In what was called the most important game of the season, the Carolina Hurricanes recovered from allowing an extra attacker goal by the Thrashers to win in overtime, 4-3, on Erik Cole's end-to-end tally. The win finally moved Carolina into the eighth playoff spot, tying them with Atlanta but giving them the final spot in the East on a tiebreaker. Here are five observations from Saturday's win.
1. For a while, it looked like everyone would be treated to an old-time goaltender's duel as Ondrej Pavelec and Cam Ward traded greats stops in net. But while Ward continued to shine — you can't fault him on any of Atlanta's three goals — Pavelec allowed two goals that he'd surely want back, including Cole's game-winner. The goals Pavelec allowed to Cole and Brandon Sutter were both long-range wrist shots that the 23-year-old goalie could not locate. We'll give him a pass on Jiri Tlusty's third-period goal — Tlusty's shot seemed to redirect off defenseman Zach Bogosian —but Pavelec's performance fell well short of Ward's, who again kept Carolina in the game with his outstanding play.
2. Want to get the crowd on their feet? Score goals or drop your gloves. But the performance of Sutter and Thrashers rookie Alexander Burmistrov was a joy to watch. Plenty has rightfully been made of Sutter's wise-beyond-his-years defensive play, but Burmistrov has been overshadowed by Carolina's Jeff Skinner and other rookies who have filled up the score sheet this season. Burmistrov has just five goals and 16 points this season, but he oozes offensive potential while playing reliably in his own end. Atlanta coach Craig Ramsey doesn't hesitate in using the 19-year-old on the penalty kill or in key defensive situations — like Carolina has used Sutter since he stepped on NHL ice — and his explosive skating and puckhandling skills leads me to believe he will be one of the league's best two-way forwards for years to come.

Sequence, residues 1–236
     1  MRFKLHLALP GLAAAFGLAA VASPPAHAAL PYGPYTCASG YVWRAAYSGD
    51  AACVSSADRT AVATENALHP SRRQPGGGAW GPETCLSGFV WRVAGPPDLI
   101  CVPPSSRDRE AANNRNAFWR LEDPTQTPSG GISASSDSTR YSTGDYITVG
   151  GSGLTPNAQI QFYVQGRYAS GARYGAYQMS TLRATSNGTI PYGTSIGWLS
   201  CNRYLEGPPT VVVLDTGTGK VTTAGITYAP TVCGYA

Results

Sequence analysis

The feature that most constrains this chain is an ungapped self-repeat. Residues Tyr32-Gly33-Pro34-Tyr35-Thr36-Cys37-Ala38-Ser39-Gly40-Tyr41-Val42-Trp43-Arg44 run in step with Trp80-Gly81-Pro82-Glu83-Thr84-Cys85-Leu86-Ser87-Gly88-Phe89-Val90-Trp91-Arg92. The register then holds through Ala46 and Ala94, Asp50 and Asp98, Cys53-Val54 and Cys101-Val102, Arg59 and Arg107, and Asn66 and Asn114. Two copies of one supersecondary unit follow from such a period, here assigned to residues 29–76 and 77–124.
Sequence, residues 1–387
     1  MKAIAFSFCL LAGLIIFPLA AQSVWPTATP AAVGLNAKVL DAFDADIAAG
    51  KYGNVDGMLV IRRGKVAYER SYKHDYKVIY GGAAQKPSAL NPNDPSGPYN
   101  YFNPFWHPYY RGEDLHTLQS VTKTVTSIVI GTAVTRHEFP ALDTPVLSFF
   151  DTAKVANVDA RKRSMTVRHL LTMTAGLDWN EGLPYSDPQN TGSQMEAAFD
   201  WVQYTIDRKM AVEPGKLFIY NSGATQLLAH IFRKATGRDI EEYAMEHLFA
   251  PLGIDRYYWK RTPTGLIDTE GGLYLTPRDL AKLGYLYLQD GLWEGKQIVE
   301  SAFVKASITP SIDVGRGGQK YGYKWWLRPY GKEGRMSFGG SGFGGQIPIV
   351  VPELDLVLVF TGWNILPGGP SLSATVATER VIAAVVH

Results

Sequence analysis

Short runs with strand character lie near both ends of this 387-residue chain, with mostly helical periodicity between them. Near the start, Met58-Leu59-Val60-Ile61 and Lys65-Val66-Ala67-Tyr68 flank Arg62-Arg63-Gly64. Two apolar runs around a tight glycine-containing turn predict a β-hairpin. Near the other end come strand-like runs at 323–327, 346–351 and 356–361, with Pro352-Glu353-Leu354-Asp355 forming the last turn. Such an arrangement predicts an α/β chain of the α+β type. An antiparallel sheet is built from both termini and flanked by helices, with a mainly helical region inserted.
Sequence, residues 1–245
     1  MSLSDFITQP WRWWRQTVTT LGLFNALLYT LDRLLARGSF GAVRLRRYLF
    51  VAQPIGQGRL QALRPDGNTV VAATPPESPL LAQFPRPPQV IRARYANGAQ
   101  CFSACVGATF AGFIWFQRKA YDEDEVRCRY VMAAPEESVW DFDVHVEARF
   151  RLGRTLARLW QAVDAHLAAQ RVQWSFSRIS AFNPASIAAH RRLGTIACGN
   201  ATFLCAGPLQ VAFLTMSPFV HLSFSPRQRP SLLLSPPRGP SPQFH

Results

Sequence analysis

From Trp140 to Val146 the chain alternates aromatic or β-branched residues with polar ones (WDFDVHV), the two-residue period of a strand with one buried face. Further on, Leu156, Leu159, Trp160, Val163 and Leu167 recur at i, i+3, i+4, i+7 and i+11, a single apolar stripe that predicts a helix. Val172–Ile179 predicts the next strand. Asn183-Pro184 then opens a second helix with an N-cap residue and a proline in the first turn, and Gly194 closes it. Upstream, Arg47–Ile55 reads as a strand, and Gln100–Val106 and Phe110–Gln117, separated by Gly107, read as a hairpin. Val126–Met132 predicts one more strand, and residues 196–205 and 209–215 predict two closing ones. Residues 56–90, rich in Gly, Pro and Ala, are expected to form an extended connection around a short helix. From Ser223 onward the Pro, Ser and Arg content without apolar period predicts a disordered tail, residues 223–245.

3. Cole's game-winner was his second OT goal vs. the Thrashers this season, and it's good to see the veteran power forward rewarded in his bounce-back season. From the get-go this year, Cole has been instrumental in helping guide the younger players on the roster through the rigors of an NHL season. His efforts didn't go unnoticed, but in the season's first three months he had just seven goals and eight assists in 36 games. Since the calendar flipped to 2011, Cole has six goals and nine assists in 17 games. He has played his best hockey in the division (7-7-14 in 14 Southeast games) and has emerged as a solid secondary scoring threat for Carolina. Is Cole an ideal first line winger? On most teams, probably not at this point of his career. But for what he brings to the Canes each night, Cole has earned his spot alongside Eric Staal on the ice and as a leader in the locker room.
4. It's unfortunate
Sutter Staal lost the faceoff that led to Bogosian's game-tying goal in the final minute, because Carolina 's shutdown pivot had a great night at the dot. Staal won 15 of 27 draws, and Sutter won 18 of 25 faceoffs in leading the Hurricanes to a 42-28 edge on the night. In fact, all four of the Canes' centers finished the night with at least a 50 percent win rate. In case you haven't noticed, Carolina is no longer last in the NHL in faceoff percentage, moving past Edmonton (43.7 percent) with a 44.2 winning percentage.
5. Ian White is closing in on 400 career NHL games, but he's never reached the postseason. If his performance Saturday is any indication, I wouldn't worry about him having any jitters if Carolina finds its way to the playoffs. The game had a playoff atmosphere, and White responded by being a key part of the team's perfect penalty kill, plus added an assist and two blocked shots. He wasn't brought to Carolina to play alongside Jay Harrison on the third pairing, but the grouping is working both at even strength and on the PK.